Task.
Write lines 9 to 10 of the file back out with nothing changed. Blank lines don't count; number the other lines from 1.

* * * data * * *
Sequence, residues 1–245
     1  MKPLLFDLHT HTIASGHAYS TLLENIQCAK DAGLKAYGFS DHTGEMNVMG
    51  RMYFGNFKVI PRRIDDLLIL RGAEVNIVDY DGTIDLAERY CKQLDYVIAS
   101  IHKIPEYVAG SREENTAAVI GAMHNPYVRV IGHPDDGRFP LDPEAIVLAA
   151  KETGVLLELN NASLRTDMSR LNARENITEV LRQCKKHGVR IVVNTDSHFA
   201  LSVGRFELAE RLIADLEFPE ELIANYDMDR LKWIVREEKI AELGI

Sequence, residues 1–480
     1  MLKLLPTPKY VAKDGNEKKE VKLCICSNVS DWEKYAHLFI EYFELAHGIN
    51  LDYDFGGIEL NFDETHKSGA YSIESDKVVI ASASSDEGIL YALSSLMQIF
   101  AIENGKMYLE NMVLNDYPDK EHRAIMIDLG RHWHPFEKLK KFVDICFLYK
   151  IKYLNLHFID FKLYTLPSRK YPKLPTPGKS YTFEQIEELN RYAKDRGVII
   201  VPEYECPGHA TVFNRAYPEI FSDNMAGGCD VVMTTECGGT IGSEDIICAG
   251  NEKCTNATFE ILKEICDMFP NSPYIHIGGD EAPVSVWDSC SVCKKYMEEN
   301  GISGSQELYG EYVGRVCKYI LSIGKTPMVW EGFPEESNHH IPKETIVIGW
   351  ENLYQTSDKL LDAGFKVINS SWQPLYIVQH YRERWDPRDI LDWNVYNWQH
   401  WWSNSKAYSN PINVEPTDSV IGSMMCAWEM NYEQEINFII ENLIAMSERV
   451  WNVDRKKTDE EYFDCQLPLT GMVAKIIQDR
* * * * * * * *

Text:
    51  LDYDFGGIEL NFDETHKSGA YSIESDKVVI ASASSDEGIL YALSSLMQIF
   101  AIENGKMYLE NMVLNDYPDK EHRAIMIDLG RHWHPFEKLK KFVDICFLYK